Let’s execute the second query through a simple console application. The predicate value will be passed as a part of the batch.  Pass 707 as a command line argument; (ProductId = 707)
NOTE: We can also use SSMS to run the batch.

Figure 4, MS Profiler – tsql batch execution events 

The Client request is executed as a tsql batch. SQL:BatchStarting signals that the batch execution is starting.  SQL:StmtStarting event was fired for each statement in the batch(once in this example).

RPC Events

There are two basic ADO.NET client request types which invoke RPC(Remote Procedure Call) events

  • Parameterised batch request  – uses sys.sp_executesql Sql Server’s system extended stored proc
  • Stored procedure and  scalar user defined function call

NOTE: RPC(Remote Procedure Call) name came from Sybase and in context of the Client request represents a type of formatting of the query inside a TDS packet before it is sent to Sql Server. The requests are pre-formated by the driver/provider i.e OLEDB, ODBC,JDBC. ..etc
Windows RPC(Remote Procedure Call) is completely different technology which implements the interprocess communication(IPC) that allows applications to talk to each other locally or over the network. More on the RPC  here.

Parameterised batch request

Parameterised type of request does have parameter values passed to tSQL statements. Parameter input is treated as a literal value, not  as an executable code.
This type of request significantly improves the way Sql Server process the tsql commands. The sql batch  separates the “body” of the query from the data values managed by that query.
Lets change SqlCommand object from the previous example to use a parameterised tsql statement and see what happens.

Figure 5, MS Profiler – parameterised batch RPC event

This time ADO.NET constructs the request as a RPC(Remote Procedure Call) type. The client sends an RPC message data stream(TDS protocol level) to Sql server. The message contains: Procedure name( or in this case the ProcID) and the Parameters.  ProcID identifies Sql Server’s internal sp to be executed. In the example above ProcID = 10. The id value maps sys.sp_exeuctesql extended stored procedure in Sql Server.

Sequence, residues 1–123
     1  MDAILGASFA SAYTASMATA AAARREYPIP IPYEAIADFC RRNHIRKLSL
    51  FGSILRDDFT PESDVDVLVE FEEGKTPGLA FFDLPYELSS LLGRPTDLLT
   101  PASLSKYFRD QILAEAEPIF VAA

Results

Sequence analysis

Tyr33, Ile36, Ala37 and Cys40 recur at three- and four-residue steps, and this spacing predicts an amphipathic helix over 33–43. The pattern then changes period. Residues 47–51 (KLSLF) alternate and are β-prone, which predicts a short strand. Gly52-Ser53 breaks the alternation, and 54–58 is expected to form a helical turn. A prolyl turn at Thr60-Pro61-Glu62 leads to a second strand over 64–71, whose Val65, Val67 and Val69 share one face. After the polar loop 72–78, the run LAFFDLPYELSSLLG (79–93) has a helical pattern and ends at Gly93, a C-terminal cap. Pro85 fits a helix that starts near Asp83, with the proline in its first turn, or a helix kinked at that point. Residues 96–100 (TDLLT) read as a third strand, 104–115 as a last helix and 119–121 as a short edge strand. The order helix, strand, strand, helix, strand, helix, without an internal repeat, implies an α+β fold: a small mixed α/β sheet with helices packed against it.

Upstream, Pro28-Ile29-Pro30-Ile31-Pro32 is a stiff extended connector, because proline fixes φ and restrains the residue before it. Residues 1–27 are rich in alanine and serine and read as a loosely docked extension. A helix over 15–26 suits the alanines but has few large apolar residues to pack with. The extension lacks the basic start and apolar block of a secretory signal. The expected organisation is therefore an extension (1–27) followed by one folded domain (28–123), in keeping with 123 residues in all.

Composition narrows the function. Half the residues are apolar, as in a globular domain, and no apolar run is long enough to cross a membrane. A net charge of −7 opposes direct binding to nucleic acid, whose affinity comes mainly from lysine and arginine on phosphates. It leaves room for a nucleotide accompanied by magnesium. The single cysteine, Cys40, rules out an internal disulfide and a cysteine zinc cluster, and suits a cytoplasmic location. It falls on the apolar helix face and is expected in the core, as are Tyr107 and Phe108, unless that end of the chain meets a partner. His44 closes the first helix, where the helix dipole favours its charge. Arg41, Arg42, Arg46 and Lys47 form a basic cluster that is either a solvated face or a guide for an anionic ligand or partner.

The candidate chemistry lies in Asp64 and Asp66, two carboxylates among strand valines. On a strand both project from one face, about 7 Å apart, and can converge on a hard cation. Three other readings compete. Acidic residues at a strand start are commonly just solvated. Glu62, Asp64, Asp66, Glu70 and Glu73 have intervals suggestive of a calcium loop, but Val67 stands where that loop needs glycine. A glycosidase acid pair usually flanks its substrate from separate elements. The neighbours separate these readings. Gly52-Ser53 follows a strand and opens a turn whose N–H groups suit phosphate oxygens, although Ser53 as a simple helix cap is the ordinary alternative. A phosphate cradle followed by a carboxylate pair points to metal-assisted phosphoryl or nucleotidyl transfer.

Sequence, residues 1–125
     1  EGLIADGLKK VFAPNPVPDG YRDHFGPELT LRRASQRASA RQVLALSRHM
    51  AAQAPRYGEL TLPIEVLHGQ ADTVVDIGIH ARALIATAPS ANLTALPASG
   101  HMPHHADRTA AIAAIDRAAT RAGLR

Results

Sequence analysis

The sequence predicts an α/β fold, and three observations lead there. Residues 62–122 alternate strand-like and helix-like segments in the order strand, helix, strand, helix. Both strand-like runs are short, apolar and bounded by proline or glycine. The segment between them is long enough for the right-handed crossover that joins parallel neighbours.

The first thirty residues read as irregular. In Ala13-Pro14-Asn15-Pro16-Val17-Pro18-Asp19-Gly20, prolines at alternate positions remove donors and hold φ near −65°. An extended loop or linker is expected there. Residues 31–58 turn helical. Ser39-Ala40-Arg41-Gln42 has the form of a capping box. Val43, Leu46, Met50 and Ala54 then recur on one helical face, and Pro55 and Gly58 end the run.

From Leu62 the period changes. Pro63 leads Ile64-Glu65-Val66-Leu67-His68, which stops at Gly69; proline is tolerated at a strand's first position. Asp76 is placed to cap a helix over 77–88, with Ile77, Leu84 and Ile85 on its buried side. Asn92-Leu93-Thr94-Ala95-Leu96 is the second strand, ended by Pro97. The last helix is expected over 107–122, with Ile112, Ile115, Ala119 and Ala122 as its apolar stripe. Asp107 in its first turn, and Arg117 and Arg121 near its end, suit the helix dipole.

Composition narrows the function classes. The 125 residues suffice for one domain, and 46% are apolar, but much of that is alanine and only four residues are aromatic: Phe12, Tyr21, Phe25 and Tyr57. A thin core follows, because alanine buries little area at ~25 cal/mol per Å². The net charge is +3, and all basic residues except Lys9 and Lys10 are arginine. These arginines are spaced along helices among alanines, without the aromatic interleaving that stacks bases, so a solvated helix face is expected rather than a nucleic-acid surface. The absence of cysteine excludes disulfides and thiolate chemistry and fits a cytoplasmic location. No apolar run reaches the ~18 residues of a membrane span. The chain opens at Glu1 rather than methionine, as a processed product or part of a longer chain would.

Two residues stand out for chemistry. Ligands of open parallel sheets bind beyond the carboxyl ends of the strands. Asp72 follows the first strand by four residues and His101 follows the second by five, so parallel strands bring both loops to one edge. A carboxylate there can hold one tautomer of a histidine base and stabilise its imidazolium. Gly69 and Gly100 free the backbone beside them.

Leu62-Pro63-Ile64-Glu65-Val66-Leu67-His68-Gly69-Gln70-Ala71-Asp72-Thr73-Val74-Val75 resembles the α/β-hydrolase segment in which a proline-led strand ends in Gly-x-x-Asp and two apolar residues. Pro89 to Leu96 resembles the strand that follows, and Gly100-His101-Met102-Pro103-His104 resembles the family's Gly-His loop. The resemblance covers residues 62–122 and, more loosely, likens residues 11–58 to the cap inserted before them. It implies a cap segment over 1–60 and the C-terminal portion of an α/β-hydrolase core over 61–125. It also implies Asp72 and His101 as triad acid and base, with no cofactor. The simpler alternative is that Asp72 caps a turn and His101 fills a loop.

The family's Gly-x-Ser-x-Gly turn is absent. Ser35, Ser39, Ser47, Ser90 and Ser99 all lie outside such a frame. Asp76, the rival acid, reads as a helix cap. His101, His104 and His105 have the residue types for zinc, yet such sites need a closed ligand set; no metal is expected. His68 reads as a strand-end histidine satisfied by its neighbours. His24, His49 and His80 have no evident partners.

Figure 6, sys.sp_executesql extended stored procedure

NOTE: We cannot use SSMS to invoke RPC event types since it’s not possible to send Parameters as a part of the TDS binary stream.

The parameterised batch request results with a cached plan, just like a regular stored procedure call.

Figure 7, parameterised batch request – cached plan

Stored procedure call

This type of RPC request is similar to the parameterised batch request. The main difference is that the commandType enum property of the SqlCommand Class is set to “StoredProcedure“, and the CommandText property value represents the name* of the stored procedure.

Quick note: In order to avoid cache misses/compile locks, use the two part naming convention when referencing  sql objects – dbo.uspGetPurchaseOrderDetails. More about sp caching can be found here.

Let’s encapsulate previous tsql batch in a stored proc…

and then modify CommandType and CommandText properties as follows…

Figure 8, MS Profiler – RPC Stored proc call

Using RPC: Starting and/or SP:Starting  events we can find out the value of the stored procedure’s input parameter(s).  It is interesting to notice the absence of the stored procedure’s ObjectId within the RPC call. The initial request doesn’t know whatID (object_id) is used by Sql Server to identify the stored procedure.

Not directly related to the topic but nevertheless interesting observation is the SP:CacheMiss event. The event describes the failed cache lookup for the stored procedure on the very first run as the plan was not generated and stored in the cache.

Now, let’s execute a  stored procedure that has a nested sp.

… add an output parameter to the code ..

From the Profiler’s trace below we can see that the only one RPC request was initiated for the top level stored procedure.

Figure 9, RPC request and nested stored procedures

From the trace above we can observe a few interesting things

  • Only the first, top level stored procedure call is initiated through the RPC event. This is the request initiated by ADO.NET.
  • The nested stored procedure call was captured through SP:Starting and SP:StmtStarting events. The input parameter values are not visible(more about this later).
  • RPC Output parameter* event is triggered AFTER the RPC:Completed event. This explains why we need to close Data reader object before retrieving the output parameter(see the c# code above)